The more intelligent you are, the more alcohol you tend to drink. It’s a bold theory and one that Martin Smith loves to discuss.
“People higher in general intelligence tend to drink more because they’re not bothered by the strangeness of the alcohol experience,” said the evolutionary psychologist and professor at the University of Victoria. “It doesn’t bother them as much because they have this extra processing ability, both on a cognitive level and an emotional level that makes them OK with these different kinds of experiences.”
The research behind the theory springs from London-based evolutionary psychologist Satoshi Kanazawa who developed a theory for why people with IQs measured over 125, in general, drink markedly more than those of lower general intelligence.
Kanazawa believes that highly intelligent people have a module of mind – a specific mechanism in their thinking – which allows them to deal with evolutionary novel stimuli and situations, such as alcohol.
As the theory goes, given that alcohol is new in terms of evolution, our ability to react to the stimuli springs from a module of mind developed to deal with an array of special situations – from natural disasters to other infrequent events and ultimately relates to our general intelligence.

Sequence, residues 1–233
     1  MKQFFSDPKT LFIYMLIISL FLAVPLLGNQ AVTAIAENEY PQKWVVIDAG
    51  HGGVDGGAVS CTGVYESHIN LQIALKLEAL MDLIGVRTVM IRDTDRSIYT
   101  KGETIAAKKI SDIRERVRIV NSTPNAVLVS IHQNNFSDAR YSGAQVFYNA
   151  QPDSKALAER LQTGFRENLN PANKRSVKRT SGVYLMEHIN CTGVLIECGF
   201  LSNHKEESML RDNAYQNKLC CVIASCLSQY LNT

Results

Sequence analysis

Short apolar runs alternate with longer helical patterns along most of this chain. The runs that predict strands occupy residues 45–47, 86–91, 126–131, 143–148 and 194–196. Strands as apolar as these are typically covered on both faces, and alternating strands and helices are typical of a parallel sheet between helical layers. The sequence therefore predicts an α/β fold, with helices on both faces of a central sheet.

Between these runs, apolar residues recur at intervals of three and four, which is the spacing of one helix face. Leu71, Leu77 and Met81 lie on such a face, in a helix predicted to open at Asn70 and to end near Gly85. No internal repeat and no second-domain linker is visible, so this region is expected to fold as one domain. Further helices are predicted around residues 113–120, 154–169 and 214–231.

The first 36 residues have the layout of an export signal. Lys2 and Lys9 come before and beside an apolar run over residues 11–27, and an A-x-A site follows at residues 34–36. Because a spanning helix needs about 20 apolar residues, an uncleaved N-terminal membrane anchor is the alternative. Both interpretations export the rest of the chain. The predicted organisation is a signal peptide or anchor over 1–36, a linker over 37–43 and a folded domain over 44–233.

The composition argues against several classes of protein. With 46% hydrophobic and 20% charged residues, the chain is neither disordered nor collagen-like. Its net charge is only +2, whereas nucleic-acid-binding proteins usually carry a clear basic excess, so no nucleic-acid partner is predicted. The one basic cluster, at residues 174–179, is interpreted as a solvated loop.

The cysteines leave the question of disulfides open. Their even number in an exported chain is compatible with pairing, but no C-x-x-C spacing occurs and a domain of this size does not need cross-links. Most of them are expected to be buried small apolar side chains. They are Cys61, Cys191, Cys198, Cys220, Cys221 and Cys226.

When Smith presented the research in a February lecture series, UVic students were particularly receptive to the idea that smart people not only drank more, but also had a tendency to push past the evolutionary urge to go to bed when the sun sets and remain productive post nightfall.
“It’s very traditional for university students to stay up late doing a variety of things – surfing the web, studying, partying … when they look at this data and compare it to their own lives and the people they know, certainly they can see the phenomena here,” said Smith, admittedly, a “prime offender” of drinking wine and staying up late.
Smith points out that highly intelligent people are well aware of the dangers of the substance due to their smarts, yet still, the relationship exists.
“It’s a surprising theory that I love,” Smith said, adding that concept of modules of the mind is a huge step in furthering our understanding of the brain. “In my mind it’s a good idea. It’s a very clever idea and, in my mind, it’s at least partly true.”
Part of our series on alcohol use in Greater Victoria
UNBORN’S UNFAIR BURDEN: Fetal alcohol spectrum disorder and the people devoted to understanding the invisible, pervasive condition caused by prenatal exposure to alcohol